It’s good to pause at the end of the year and remind ourselves of some of the fractures the UK Referendum revealed, not least between young and old.
There was a clear divide between older (55+) and younger voters. Some of the youngsters seemed to think we oldies should have been disenfranchised, because:
“Once again the future of the youth is decided by the delusions and fears of an ageing population.”
Are we deluded and fearful because we’re old? Isn’t it a little odd that old people voted for change while young people voted for the status quo? Could there be something else going on? The task and disruption of leaving will come soon, and fall mostly on older people to manage. Why would we vote for that?
“You were selfish; it’s the young ones’ futures at stake, and at jeopardy.”
What are the benefits the EU gives the young but not the old? Young people in many EU countries are already suffering from the indifference and incompetence of EU leaders, who promise much and deliver little. What is there for young people to love or respect?
“You don’t care enough what happens to your children when you’re dead.”
We never wanted pesky kids in the first place, that’s why we invented “the pill”; however, that started the sexual revolution, but we were too high on drugs in the sixties to remember to take it. So we did have children and found we never stop caring about their futures. Our offspring will find the same if they bother having babies.
“In the long run the UK will be worse off.”
Lots of us will still be alive when the apocalypse comes, in 2030 or whenever young George Osborne (45) reckons that will be. We may not be around post-apocalypse but we may well live, with you, through the riotous failure of the EU long before that.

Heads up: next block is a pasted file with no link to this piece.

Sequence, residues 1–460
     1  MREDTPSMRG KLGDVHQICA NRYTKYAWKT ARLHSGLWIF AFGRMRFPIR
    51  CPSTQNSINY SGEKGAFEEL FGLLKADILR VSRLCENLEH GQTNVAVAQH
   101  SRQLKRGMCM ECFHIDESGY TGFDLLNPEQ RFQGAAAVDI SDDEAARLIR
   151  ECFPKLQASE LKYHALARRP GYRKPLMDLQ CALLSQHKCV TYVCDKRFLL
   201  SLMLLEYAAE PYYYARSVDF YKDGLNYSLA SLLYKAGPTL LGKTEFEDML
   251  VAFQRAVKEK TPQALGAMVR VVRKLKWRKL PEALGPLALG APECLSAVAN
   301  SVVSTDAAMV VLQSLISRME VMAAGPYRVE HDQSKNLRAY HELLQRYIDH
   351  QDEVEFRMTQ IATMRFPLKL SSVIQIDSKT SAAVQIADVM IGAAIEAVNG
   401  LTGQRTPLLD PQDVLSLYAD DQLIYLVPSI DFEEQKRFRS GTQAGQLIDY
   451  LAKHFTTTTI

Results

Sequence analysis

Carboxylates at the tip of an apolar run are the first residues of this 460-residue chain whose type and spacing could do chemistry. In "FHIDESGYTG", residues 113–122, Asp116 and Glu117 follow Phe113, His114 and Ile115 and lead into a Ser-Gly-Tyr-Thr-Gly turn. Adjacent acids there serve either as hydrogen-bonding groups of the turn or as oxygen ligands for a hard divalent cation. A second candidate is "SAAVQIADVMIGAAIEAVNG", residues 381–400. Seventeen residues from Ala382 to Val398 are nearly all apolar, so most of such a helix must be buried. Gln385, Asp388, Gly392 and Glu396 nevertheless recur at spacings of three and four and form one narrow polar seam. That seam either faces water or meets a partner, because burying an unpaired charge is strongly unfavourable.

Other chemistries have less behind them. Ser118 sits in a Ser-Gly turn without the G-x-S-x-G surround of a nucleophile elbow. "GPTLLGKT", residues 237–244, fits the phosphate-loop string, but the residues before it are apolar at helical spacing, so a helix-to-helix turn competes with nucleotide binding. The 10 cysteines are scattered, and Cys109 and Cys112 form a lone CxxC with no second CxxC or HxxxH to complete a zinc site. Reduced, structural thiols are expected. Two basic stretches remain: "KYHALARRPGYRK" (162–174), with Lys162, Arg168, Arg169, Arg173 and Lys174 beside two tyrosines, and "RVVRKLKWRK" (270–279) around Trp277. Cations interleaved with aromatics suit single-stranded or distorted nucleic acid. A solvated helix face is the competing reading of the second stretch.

“You are hankering for the old days when Britain was in charge of an empire.”
Those of us over 60 remember the Empire and were generally relaxed about other countries deciding their own futures. Most of them managed quite well, which is why we think we’ll be OK too.
“You seem to have forgotten our history; there have always been wars in Europe, until the EU.”
Our ‘O-Level’ history syllabuses generally stopped at 1939 or earlier so we didn’t spend all our time learning about the Nazis, but there was time to discover that we stopped fighting the French in 1815, well before the EU was dreamed about. On the other hand lots of us had bomb sites for playgrounds; Lawrence Olivier reminded us about the horrors of the 1st World War (“The World At War” TV series, endlessly repeated) and there were loads of films about the 2nd one at the cinema, when we were young.
“We would be much better off staying in the EU and working with other European countries for a better future.”
What if the apocalypse
is not the one you predict – Britain falling apart – but the one we predict – the EU falling apart? The middle-aged remainers advising you haven’t taken that possibility into account, so their advice is lop-sided and delusional. The EU will collapse not through war or outside intervention but through its own internal contradictions.
“Could the next referendum please be about whether the youth of the population want to be independent of the elderly population.”
We can remember feeling just the same, all those years ago. Where will you draw the line? How will your independence be managed? What will you do with the rest of us? Will you never get old?